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View Full Version : Is there any point in having a tenancy agreement?



Miffy
15-02-2007, 10:21 AM
I know this sounds like a troll, but after reading so many threads where people are telling me on good authority that the terms included in the AST agreement can be ignored as the tenant pleases, I am left wondering...Why not just have the rental terms and deposit agreed plus inventory and leave it at that? It seems that the LL hasn't a hope in hell of enforcing any other terms thay put in (and even the rent can be a struggle).

The only thing I can think of is that (like having a sword of damocles S21) it relies on a tenant not knowing what the reality of the situation really is:eek: .

Esio Trot
15-02-2007, 10:42 AM
The only thing I can think of is that (like having a sword of damocles S21) it relies on a tenant not knowing what the reality of the situation really is:eek: .

I think that is it in a nutshell.

I know that the TA I use does not conform to the OFT's guidance (regarding subletting/assigning for example).

If a tenant objected to a clause I was trying to impose, and it looked like it was going to go formal, I would (though it hasn't happened yet) no doubt capitulate and tell the tenant that life is too short to argue over the matter and I would suggest a compromise (after making sure that my s21 was correctly in place in case it was needed!!).

How may people know that bailiffs do not have to power to break in to domestic premises - unless a second visit where previously they have been invited in. ("Hi, were from xxx bailiffs office, can we come in to talk about this parking ticket debt?". Most people say yes without knowing the consequences if they are unable to pay up on the first visit.)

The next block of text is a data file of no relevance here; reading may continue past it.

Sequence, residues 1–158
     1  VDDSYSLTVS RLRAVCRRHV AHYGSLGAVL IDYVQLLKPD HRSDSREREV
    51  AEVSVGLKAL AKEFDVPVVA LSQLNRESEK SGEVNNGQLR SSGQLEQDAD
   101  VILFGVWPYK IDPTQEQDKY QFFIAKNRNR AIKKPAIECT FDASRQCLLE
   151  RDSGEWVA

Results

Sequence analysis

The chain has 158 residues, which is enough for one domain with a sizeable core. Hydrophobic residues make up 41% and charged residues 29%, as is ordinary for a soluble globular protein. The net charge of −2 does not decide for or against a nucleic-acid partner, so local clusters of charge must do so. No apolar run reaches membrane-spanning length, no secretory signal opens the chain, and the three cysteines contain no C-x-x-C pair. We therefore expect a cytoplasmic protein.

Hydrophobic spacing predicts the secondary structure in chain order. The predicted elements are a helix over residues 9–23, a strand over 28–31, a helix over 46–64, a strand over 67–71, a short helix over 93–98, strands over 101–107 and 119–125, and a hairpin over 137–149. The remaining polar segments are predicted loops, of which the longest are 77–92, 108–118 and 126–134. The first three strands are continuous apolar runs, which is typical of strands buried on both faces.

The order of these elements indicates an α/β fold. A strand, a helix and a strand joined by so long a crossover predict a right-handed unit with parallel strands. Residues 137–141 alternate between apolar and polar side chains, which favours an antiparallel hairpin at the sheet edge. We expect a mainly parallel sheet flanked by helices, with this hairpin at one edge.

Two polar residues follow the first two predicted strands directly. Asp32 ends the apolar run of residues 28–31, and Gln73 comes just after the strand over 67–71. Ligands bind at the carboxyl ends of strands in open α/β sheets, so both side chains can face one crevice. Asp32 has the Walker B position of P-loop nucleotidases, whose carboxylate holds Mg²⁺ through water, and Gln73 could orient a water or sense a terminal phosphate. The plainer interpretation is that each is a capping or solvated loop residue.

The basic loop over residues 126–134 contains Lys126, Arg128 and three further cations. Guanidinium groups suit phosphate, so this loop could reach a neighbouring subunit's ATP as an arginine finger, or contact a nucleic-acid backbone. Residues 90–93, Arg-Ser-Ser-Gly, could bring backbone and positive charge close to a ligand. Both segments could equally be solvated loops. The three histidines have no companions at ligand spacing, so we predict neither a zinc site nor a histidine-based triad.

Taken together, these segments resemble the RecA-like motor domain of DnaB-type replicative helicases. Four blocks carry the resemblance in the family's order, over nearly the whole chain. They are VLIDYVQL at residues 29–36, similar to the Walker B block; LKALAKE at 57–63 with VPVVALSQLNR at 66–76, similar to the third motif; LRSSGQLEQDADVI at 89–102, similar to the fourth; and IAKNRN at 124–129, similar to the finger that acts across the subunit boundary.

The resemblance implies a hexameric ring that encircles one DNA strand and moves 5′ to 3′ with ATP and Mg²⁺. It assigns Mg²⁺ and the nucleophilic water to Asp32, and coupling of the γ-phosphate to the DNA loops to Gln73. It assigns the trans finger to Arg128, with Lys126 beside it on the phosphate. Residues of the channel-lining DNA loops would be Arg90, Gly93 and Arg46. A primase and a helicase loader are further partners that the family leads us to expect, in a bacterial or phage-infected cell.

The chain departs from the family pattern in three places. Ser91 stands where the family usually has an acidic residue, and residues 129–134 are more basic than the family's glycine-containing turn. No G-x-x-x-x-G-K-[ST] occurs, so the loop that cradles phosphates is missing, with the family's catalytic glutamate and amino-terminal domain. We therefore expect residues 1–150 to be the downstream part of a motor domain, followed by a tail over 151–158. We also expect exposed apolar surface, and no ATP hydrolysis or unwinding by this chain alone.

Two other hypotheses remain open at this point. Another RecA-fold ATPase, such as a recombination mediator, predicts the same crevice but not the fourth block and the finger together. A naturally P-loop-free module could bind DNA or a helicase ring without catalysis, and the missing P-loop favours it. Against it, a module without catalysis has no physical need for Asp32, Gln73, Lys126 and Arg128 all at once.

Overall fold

Bel
15-02-2007, 10:57 AM
The only thing I can think of is that (like having a sword of damocles S21) it relies on a tenant not knowing what the reality of the situation really is:eek: .

Also most LLs and many agents don't know what the situations really is too!


Dont forget ; potentially unfair terms can be negotiated separately with the potential tenant (as long as they don't go against the law). They just can't appear on a standard contract when presented for signing.

M.A.O.H
15-02-2007, 13:12 PM
I think that is it in a nutshell.

I know that the TA I use does not conform to the OFT's guidance (regarding subletting/assigning for example).

If a tenant objected to a clause I was trying to impose, and it looked like it was going to go formal, I would (though it hasn't happened yet) no doubt capitulate and tell the tenant that life is too short to argue over the matter and I would suggest a compromise (after making sure that my s21 was correctly in place in case it was needed!!).

How may people know that bailiffs do not have to power to break in to domestic premises - unless a second visit where previously they have been invited in. ("Hi, were from xxx bailiffs office, can we come in to talk about this parking ticket debt?". Most people say yes without knowing the consequences if they are unable to pay up on the first visit.)


thanks for that, should i ever have the misfortune of a visit from these types i shall remember, like vampires, they can't do anything uness you invite them in.